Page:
A belligerent sun smirks overhead as we drift like water skippers atop a soupy chocolate-colored river not far from where we put in at the Potash boat ramp early this morning. It is day one of our excursion down the Colorado, what our guide, Arlo, calls simply The River. The carrot at the end of our liquid stick—the hellacious rapids of Cataract Canyon—are 45 miles downstream.
I have to say that my initial impression is disappointing. This isn’t what I was expecting. When I first contemplated running the river, I imagined an extended roller coaster ride; several days of lurching, gut-wrenching rapids culminating in Cataract Canyon, so named by Major John Wesley Powell because “the declivity within is so great and the water descends with such tremendous velocity and continuity that (Powell) thought the term rapid failed to interpret the conditions,” according to the diary of expedition member Frederick Dellenbaugh.
Instead, our journey down Meander Canyon is as desultory as a kiddie’s pony ride at the state fair, as turbulent as the water in an inflatable wading pool.
To keep us from getting bored, Arlo tosses out crumbs of geological factoids, chumming for our interest. But none of us are biting. Each one of his fascinating details about the surrounding cliffs (“Those slab-topped pinnacles are white rim sandstone of Permian age”) is met with indifferent silence. It is too hot, too still.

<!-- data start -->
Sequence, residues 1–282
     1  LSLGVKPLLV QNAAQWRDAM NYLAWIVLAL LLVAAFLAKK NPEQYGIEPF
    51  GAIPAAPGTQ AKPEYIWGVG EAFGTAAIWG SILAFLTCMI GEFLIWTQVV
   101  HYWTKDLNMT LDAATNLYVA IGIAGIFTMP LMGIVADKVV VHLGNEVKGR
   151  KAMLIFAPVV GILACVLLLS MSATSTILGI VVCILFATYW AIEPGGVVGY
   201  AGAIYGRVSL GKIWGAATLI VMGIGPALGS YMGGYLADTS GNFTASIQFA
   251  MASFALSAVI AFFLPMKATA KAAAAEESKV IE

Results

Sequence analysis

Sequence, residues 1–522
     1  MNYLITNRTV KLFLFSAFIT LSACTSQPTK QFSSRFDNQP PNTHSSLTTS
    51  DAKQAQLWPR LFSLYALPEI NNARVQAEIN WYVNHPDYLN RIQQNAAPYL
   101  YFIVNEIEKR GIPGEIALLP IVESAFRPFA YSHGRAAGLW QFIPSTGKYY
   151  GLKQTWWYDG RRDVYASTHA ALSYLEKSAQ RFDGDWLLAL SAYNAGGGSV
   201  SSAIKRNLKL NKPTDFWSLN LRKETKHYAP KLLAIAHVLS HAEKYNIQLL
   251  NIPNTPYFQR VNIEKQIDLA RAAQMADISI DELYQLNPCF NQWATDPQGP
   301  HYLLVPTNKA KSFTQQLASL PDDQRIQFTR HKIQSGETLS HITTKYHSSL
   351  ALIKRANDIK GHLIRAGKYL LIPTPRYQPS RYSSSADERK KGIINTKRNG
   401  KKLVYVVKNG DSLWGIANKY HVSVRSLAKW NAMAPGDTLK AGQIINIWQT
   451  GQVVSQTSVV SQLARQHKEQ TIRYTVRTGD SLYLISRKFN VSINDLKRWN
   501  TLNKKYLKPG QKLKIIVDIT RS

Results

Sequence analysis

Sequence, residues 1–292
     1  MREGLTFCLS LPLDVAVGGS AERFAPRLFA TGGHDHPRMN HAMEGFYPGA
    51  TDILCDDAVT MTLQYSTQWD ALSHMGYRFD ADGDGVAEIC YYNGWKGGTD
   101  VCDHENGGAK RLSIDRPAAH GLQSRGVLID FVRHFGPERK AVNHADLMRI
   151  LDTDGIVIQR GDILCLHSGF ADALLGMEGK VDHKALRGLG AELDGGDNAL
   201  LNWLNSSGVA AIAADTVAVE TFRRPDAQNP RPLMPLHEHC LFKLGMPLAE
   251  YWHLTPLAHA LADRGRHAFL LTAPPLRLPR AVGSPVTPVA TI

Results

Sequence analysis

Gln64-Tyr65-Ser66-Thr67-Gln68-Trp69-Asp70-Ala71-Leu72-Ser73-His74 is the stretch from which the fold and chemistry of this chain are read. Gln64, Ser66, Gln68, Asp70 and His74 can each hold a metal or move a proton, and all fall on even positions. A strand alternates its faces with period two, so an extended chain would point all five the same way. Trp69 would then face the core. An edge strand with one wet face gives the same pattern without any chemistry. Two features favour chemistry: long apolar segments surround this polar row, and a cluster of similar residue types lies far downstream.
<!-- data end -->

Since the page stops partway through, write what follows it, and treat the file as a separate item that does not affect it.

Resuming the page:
We sip water. We spread Blistex over our lips for the millionth time. We ask each other—again—if we would like a stick of gum, some dried apricots. After a couple of hours, I ask Arlo if I can get out of our inflatable and float beside the boat. Sure, absolutely, says Arlo who, with his upturned sombrero and Pancho Villa mustache and goatee, looks like a Mexican pirate (he’s also flying a pirate flag on our inflatable which is ironically nicknamed “Paradise Lost”). So I pull on a faded-orange life-vest and fall off the back of the boat into the water. I float on my back, like a log. Drifting aimlessly down the river which is cool and refreshing. I close my eyes. It is so quiet and peaceful in the water that it is easy to imagine falling asleep. While floating. And it doesn’t seem such a bad idea.
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